We tried out Boylan Bridge Brewpub last week - it was good, not excellent, but good. When we were there they only had two beers on tap - both were tasty, but not as good as other breweries in the area. I do, however, appreciate that the beers weren't overly heavy or bitter, the amber wasn't too hopped and the darker beer (the Stout?) wasn't bitter and had molasses undertones. I had the black and blue burger - it had a lot of blue cheese on it and was otherwise a decent burger (and it was a good size, not too large nor too small). I ordered the fries with some of the cajun seasoning, which made them quite good. The onion rings are too greasy (it's so hard to get a good onion ring around here), and my husband said that bratwurst was quite good. And, they have a parking situation in that there isn't any - we had to park by the Saucer and hike it there, which sounds lazy, but when I'm that close to the Saucer and the Roast Grill on a Saturday afternoon...well...I just don't know where I'd end up.
I also had lunch at the Flying Biscuit last week - I love the decor and wish there was a breakfast place like it nearer to my neck of the woods in Cary. I had the eggs benedict with homefries - it was okay, and I wouldn't bother ordering homefries again as they appeared to have some herbs on them, but were overall somewhat tasteless. My companion had the Southern Fried Steak with grits and mac and cheese (we ate a LOT of starch that day). The steak was everything one would want it to be - which is crispy, flavorful and not too greasy - and the grits were creamy and velvety. The mac and cheese tasted like...well, nothing at all...enough said. And the biscuits aren't special until you put the apple butter on them - at which point they become almost sublime. So, sort of a mixed review, but I did walk out of the place happier than when I had entered, so I'll likely return again, but probably only for some cheery atmosphere and a couple of eggs and biscuits.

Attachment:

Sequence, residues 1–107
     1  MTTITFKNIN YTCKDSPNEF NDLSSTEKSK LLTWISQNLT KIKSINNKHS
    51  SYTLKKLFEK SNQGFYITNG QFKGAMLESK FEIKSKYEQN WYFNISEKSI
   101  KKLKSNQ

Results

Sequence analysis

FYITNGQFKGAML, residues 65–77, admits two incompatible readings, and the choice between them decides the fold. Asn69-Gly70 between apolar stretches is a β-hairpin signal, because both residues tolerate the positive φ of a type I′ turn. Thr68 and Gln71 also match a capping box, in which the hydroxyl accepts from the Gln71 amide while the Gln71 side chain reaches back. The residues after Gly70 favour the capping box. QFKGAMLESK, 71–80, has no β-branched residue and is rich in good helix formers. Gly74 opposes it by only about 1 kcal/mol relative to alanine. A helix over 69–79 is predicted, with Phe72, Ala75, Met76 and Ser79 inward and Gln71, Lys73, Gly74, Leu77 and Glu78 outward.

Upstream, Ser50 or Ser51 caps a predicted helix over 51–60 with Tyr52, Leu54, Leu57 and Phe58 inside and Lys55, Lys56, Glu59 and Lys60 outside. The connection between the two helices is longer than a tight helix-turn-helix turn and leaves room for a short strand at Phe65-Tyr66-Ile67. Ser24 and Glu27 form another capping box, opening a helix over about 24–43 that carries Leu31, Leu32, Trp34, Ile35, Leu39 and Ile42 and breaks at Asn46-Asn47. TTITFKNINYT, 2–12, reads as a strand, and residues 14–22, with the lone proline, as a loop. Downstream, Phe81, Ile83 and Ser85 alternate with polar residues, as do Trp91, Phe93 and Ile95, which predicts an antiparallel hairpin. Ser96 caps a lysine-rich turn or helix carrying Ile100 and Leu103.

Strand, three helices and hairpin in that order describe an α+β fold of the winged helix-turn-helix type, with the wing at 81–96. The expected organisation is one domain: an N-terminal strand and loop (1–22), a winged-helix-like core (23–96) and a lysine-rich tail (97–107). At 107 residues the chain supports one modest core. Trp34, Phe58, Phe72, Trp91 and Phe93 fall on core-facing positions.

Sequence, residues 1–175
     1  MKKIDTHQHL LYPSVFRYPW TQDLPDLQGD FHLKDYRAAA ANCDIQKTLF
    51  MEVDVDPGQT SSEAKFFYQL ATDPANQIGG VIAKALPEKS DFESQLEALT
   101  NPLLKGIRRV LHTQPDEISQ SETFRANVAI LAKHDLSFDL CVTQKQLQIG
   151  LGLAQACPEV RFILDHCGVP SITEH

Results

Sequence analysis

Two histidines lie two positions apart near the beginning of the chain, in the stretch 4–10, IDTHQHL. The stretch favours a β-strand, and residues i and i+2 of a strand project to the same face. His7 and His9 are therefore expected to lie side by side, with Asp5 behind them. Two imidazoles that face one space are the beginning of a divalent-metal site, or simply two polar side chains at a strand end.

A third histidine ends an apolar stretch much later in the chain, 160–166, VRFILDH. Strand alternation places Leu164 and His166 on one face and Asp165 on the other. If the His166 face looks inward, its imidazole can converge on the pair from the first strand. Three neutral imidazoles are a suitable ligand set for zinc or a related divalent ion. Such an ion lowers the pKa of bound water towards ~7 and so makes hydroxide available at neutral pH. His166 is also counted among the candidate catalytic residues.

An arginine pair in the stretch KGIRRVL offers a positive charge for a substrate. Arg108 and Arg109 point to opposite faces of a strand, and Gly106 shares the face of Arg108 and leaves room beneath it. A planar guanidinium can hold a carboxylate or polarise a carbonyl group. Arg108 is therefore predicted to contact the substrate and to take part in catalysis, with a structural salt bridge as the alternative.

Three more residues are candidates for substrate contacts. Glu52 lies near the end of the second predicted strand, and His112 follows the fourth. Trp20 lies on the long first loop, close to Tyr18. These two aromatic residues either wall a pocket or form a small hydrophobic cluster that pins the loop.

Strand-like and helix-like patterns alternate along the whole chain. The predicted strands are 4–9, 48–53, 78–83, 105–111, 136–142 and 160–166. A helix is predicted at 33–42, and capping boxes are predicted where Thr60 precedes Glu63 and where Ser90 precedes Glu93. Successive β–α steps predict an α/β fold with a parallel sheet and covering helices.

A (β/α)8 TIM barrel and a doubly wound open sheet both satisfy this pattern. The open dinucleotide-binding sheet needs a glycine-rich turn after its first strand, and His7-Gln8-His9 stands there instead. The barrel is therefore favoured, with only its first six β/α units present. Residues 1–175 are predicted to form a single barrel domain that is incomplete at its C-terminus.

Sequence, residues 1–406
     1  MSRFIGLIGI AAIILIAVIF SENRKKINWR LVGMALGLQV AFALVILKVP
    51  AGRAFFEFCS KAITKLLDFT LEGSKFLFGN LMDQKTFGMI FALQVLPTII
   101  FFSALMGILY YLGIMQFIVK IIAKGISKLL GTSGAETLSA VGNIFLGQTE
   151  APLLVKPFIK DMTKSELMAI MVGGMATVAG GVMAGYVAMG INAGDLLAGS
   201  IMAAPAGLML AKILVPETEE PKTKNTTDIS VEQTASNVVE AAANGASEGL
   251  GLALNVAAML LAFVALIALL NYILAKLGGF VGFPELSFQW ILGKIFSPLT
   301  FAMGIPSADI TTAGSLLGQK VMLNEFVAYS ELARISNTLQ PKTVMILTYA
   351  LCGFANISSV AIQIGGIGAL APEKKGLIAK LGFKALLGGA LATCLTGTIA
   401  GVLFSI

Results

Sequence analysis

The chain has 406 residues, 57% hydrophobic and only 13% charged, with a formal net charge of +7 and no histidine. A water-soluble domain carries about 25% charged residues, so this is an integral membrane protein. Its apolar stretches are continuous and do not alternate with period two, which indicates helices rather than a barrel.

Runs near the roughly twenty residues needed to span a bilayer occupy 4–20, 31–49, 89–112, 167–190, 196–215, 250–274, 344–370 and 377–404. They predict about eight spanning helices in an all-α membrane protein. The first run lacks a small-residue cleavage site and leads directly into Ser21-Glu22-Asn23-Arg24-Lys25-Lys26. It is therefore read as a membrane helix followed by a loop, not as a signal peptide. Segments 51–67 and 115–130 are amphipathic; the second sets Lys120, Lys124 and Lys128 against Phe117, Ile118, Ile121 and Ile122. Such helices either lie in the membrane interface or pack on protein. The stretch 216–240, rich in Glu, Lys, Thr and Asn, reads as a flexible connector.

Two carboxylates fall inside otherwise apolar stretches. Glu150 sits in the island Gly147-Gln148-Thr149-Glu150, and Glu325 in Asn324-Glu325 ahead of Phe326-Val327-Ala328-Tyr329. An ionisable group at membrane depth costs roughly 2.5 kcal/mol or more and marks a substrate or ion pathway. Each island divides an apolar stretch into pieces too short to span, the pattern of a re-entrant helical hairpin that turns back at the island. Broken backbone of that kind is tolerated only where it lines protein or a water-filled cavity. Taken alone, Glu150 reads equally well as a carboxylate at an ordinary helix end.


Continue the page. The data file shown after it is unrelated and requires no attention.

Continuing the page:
Here's a Posta report from last night. It's certainly convenient for dinner before the theater, symphony, or ballet. But my overall one line summary is: "This is what I get for all that money?!?"
Before going, look at their menu online and check the prices. They are right up there with what you would pay at some place like Second Empire. And the food just doesn't measure up to that level. Mind you, nothing was "bad"... It just wasn't good enough.